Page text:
Wednesday, September 23, 2009

FDIC Looking to Borrow Money From Banks to Save Banks

Tired of the government bailing out banks? Get ready for this: officials may soon ask banks to bail out the government.

Full article.

Friday, September 18, 2009

Withdrawing Consent

If you lived all your life in a concentration camp and there was no chance of escape, would you fantasize about what you'd do if you ran it? Would you dream of uniting it with other concentration camps? Or would you think it would be better if the camp was broken up into smaller concentration camps?

Probably none of the above, unless you didn't even realize you lived in a concentration camp.

But what if you were the only one who realized you lived in a concentration camp, and everyone else was scheming and debating about the best "system" to put in place?

You would probably tell them that they are actually living in a concentration camp, and that their schemes and debates only serve to persuade the powerful that the camp has the people's underlying consent.

When personally powerless to stop encroachments on their freedom, the people can at least withdraw their consent. This weakens the powerful. The Eastern bloc fell because of it.


Monday, September 14, 2009

A peak inside another Good Ol' Boy Club

The Federal Reserve, through its extensive network of consultants, visiting scholars, alumni and staff economists, so thoroughly dominates the field of economics that real criticism of the central bank has become a career liability for members of the profession, an investigation by the Huffington Post has found.

This dominance helps explain how, even after the Fed failed to foresee the greatest economic collapse since the Great Depression, the central bank has largely escaped criticism from academic economists. In the Fed's thrall, the economists missed it, too.

"The Fed has a lock on the economics world," says Joshua Rosner, a Wall Street analyst who correctly called the meltdown. "There is no room for other views, which I guess is why economists got it so wrong."
Full article.

Friday, September 11, 2009

A Mountain of Lies Exposed

In the end, what is the most frustrating facet of these huge con games executed by the financial oligarchs is that the group of people that this article is most intended to help is often the group of people that will take most offense to this article and most steadfastly refuse to see the truth. Instead, they will only realize the truth when the economic future unfolds to the blueprint of those of us the media labels as “gloom and doomers” because we base our predictions on reality instead of fantasy and lies.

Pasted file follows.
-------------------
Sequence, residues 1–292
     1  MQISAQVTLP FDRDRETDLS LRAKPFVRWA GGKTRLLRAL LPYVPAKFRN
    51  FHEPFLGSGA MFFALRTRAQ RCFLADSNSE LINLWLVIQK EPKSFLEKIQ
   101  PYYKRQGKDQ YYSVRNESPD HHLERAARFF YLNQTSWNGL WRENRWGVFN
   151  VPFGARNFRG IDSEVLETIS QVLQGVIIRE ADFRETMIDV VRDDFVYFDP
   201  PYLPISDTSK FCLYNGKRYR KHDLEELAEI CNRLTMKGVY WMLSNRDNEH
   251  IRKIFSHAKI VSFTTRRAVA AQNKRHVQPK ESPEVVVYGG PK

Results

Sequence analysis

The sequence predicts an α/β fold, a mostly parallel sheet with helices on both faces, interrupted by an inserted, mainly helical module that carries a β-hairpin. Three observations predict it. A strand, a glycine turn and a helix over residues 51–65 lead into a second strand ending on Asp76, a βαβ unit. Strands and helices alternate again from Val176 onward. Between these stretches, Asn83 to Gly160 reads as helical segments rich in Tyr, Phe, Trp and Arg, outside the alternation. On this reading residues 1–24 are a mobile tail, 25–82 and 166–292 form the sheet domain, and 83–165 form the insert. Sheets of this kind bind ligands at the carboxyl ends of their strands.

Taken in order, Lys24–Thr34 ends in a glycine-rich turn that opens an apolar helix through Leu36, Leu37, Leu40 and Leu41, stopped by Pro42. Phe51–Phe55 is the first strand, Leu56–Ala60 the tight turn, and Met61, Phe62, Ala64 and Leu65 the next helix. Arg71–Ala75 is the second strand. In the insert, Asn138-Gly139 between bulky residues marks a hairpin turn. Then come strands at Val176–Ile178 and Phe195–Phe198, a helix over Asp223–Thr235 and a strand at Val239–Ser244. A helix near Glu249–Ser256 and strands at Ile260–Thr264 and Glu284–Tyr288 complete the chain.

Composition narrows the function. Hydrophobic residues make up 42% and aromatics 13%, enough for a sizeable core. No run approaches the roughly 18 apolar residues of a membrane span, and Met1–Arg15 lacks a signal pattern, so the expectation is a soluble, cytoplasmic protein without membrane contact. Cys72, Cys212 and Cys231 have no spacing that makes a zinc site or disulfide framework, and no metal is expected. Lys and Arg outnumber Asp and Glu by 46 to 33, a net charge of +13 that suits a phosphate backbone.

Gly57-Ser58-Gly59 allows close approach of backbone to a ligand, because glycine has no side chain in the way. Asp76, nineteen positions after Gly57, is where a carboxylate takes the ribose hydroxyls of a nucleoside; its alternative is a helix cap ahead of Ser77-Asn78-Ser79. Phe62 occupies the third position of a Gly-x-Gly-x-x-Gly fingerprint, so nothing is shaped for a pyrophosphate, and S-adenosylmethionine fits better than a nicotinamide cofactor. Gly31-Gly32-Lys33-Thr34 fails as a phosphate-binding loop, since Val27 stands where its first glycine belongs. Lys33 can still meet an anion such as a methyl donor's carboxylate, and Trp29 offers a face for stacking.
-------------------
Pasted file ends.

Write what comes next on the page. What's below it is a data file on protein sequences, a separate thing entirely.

Full article.

Wednesday, September 09, 2009

No Recovery, Not Now… Not Ever

The basic business model of government is to keep order, protect campaign contributors and lure supporters with the promise of other peoples’ money. The game plan of the typical citizen is even simpler: to be on the receiving end, not the paying end. Over time, more and more of them get into position. And the whole society becomes more costly, and more corrupt.

In the United States, entire industries now operate as wards of the state. They may have too little capital. Or, their operations may be too costly. Or, their products may be simply out-of-date and unattractive. Still, government keeps them going – even at the cost of at the expense of competitors. And the money doesn’t only go to business. Cities stay solvent only by the grace of federal government grants. Whole sections of the population depend on government – including 34 million who draw their rations directly from the federal food stamp program. The spectacle is breathtaking and alarming at the same time – like a Pakistani bus on a mountain road, freighted with passengers clinging to the roof. The old rust bucket could tip over at any time, but what politician would tell a voter to get off?

Monday, September 07, 2009

China and gold

China’s reserves are more than – $2 trillion, the world’s largest.

“Gold is definitely an alternative, but when we buy, the price goes up. We have to do it carefully so as not to stimulate the markets,” he added.